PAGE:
Prime Minister, the Most Hon. Andrew Holness, is encouraging citizens to work more closely with the security forces to safeguard their communities against criminals.The Prime Minister said a “strong message” must be sent by citizens that they will not provide safe havens in their communities for persons intent on breaking the law.He was delivering the keynote address at the National Housing Trust’s (NHT) ground-breaking ceremony for the 63-unit Industry Cove Manor housing development in Green Island, Hanover, on Thursday (August 16).Mr. Holness noted that there is credible data showing numerous cases of direct links between the perpetrators of crime, particularly murders, and their victims, adding that “it is not strangers killing strangers.”“Oftentimes it is close friends and family members. We cannot give succour and protection to the criminals who are in our midst. It is only going to destroy your communities,” he emphasised.Mr. Holness voiced concern that the parish of Hanover, which he noted has long been one of the north coast’s shining beacons, is now beset by increased criminal activity.Consequently, he said he has been having “very serious dialogue” with the Minister of National Security and Commissioner of Police regarding strategies being formulated to urgently address the situation.“I have visited several families here who have been the victims. This beautiful parish should not be contributing to the murder rate and it is the duty of the citizens to put a stop to it,” Mr. Holness underscored.Industry Cove Manor, which will comprise 23 detached two-bedroom and 40 two- bedroom townhouse units, is being developed on 4.94 hectares (12.31 acres) of land. The Prime Minister said a “strong message” must be sent by citizens that they will not provide safe havens in their communities for persons intent on breaking the law. He was delivering the keynote address at the National Housing Trust’s (NHT) ground-breaking ceremony for the 63-unit Industry Cove Manor housing development in Green Island, Hanover, on Thursday (August 16). Prime Minister, the Most Hon. Andrew Holness, is encouraging citizens to work more closely with the security forces to safeguard their communities against criminals. Story Highlights
Britain’s Prince William is to become a full-time student of agricultural management for 10 weeks as he forges a life after the military, the royal family announced on Monday.William will learn about the issues facing rural communities and the farming industry in Britain during the course, which begins next week at the prestigious Cambridge University.The course will help the 31-year-old prince in his future role running the Duchy of Cornwall, a portfolio of land, property and investments he will inherit when his father, Prince Charles, becomes king. A royal spokesman said William was “very much looking forward to it”.William, who is second in line to the throne, gave up his operational career with the Royal Air Force in September after completing a three-year stint as a search and rescue helicopter pilot.He will follow a course run by the Cambridge Programme for Sustainability Leadership (CPSL), an institution within Cambridge University’s School of Technology. His father is the School’s patron.The Duke will have 18 to 20 hours of lectures, seminars and meetings a week.He is expected to live in Cambridge part of the time during his studies, but will still carry out royal engagements over the coming months.The royal spokesman said the “programme of seminars, lectures and meetings will draw on the strengths of academics across the university.”The course will end in mid-March, before Williams heads to Australia and New Zealand with his wife Kate for a visit in April. The couple’s son, Prince George, is expected to join them.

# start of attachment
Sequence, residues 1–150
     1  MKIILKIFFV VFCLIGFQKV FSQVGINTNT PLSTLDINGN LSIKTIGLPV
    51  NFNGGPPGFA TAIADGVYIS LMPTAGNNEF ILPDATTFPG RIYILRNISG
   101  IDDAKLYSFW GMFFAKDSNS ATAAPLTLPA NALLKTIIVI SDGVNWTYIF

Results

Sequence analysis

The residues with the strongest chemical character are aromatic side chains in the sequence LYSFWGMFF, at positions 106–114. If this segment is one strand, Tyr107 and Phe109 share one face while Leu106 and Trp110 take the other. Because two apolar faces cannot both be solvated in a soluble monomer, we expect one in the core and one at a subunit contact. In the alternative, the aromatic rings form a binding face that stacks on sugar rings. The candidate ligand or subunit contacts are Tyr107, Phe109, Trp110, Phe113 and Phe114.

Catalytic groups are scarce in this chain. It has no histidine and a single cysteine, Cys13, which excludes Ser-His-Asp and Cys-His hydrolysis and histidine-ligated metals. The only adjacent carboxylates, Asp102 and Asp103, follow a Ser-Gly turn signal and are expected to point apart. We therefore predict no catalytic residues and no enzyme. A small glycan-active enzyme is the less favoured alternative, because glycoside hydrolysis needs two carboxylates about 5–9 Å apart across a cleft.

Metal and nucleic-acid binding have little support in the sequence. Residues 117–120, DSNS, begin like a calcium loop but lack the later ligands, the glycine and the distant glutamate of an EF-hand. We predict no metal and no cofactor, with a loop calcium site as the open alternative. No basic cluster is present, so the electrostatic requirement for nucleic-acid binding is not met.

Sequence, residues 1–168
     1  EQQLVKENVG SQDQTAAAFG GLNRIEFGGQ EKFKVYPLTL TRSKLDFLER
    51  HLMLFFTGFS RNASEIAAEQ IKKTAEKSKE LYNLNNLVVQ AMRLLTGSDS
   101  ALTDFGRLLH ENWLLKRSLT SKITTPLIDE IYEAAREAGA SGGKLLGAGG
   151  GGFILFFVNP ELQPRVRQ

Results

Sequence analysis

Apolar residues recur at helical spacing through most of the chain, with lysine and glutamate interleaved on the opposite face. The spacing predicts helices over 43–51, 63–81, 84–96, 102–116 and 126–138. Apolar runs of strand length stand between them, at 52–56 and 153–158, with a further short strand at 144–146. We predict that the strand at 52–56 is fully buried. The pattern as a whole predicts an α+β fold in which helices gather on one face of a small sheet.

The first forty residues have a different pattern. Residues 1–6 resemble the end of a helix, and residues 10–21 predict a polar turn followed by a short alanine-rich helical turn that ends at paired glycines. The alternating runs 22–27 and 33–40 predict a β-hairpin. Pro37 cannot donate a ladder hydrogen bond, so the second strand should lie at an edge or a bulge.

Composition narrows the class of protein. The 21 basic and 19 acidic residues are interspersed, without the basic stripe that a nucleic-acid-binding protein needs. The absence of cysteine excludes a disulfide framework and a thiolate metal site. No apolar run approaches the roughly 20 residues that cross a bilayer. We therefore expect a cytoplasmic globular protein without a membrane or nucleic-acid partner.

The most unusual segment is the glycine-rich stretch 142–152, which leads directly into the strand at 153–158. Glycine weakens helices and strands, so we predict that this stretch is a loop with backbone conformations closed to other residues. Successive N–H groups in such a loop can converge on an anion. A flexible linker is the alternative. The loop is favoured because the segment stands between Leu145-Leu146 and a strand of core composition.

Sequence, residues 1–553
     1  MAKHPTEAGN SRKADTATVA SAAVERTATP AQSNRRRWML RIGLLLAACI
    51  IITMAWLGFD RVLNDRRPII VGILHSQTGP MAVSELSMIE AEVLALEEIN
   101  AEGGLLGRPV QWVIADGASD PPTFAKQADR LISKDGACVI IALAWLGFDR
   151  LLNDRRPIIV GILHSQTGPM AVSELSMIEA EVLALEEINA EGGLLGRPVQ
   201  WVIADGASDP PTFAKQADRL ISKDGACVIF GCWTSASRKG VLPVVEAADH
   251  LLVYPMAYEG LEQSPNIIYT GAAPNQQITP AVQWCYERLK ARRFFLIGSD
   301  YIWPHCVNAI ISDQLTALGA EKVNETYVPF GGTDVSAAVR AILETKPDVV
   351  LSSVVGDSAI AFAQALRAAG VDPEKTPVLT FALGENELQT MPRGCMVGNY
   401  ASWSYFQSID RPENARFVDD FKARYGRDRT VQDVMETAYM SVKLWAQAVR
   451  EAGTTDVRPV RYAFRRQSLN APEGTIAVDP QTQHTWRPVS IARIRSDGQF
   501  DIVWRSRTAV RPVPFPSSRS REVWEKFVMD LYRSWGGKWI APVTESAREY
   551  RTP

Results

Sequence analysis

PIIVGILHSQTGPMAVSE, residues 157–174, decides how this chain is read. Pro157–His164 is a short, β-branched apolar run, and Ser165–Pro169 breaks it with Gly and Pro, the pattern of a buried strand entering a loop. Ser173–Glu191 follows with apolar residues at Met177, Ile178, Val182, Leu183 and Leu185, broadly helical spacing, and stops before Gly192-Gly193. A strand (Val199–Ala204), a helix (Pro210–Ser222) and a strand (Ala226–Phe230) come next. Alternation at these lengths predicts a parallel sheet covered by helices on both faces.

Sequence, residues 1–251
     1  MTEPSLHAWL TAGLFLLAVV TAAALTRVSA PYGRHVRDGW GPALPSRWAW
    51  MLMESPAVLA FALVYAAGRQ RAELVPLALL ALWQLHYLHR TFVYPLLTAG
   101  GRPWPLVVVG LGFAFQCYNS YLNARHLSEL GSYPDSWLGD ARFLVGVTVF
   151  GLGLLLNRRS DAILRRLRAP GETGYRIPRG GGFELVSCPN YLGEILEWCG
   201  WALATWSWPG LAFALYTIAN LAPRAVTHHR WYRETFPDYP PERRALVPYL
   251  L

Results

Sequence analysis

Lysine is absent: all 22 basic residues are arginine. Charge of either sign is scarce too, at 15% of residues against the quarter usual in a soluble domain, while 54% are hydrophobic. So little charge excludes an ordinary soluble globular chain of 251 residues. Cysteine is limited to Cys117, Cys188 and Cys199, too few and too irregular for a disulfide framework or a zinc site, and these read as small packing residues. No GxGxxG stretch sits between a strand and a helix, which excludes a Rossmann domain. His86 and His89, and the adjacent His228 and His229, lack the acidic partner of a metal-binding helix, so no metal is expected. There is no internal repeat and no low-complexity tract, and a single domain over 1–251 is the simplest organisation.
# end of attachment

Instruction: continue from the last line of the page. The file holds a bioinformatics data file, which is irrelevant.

Rabat – The House of Representatives ended on Wednesday the autumn session of the 2013-2014 legislative year.At the closing plenary session, speaker of the House of Representatives Karim Ghellab said the session was marked by two major events. The first was the opening of the session by King Mohammed VI and the speech by the Sovereign to the members of both Houses of Parliament.“This speech was the main reference for our parliamentary action, especially since it was a roadmap for the implementation of the constitutional provisions and strengthening cooperation between legislative and executive powers in respect of the separation of powers,” said Ghellab. The second landmark relates to the commemoration of the fiftieth anniversary of the creation of Parliament, an event that was marked by the royal message to the members of both houses of parliament and in which new horizons have been defined for the promotion of parliamentary practice and capitalizing on the successful experiences in the field, said Ghellab.
David Ortiz received a qualifying offer from the Boston Red Sox on Friday for $13. 3 million before Friday’s the 5 p.m. ET deadline set by MLB.The team and Ortiz are negotiating a two-year deal that is “very close” to being completed according to sources, but the exact amount of the contract is still being negotiated.“David is someone who we feel strongly about bringing back, and we’re trying to figure out a way to do that and we hope that happens,” Red Sox general manager Ben Cherington said earlier this week.Ortiz will become a free agent by midnight Friday if they can’t come to an agreement, which will allow him to talk to other teams. The qualifying offer is less than the $14.48 million he earned in 2012, but has until Nov. 9 to accept the offer. The Red Sox strategically gave the designated hitter the qualifying to ensure if he signs with another team they can receive draft picks as compensation.One of the teams that has expressed interest in Ortiz is the Texas Rangers. They envision Ortiz as a left-handed hitter who could replace Josh Hamilton, who is a free agent and received a qualifying offer from the Rangers. The Rangers feel Ortiz could the clubhouse more of an edge.Ortiz will turn 37 on Nov. 18, missed the last 71 of 72 games due to a right Achilles strain he suffered on July 16. The eight-time All-Star finished the season with a 23 home runs, 60 RBIs, and a .318 batting average in 90 games.In 2003, Ortiz joined the Red Sox and was a central figure in helping the club win the 2004 and 2007 World Series. One-year deals are noting new to Ortiz, who has been in one each of the past two seasons. The Red Sox exercised his $12.5 million option for 2011, and Ortiz accepted arbitration in 2012, settling on a $14.575 million salary.Ortiz has made his desire to stay in Boston public and is fond of team’s new manager, John Farrell.“Something will get done,” Ortiz told the Boston Globe about signing a new deal with the team. “I feel good about it.”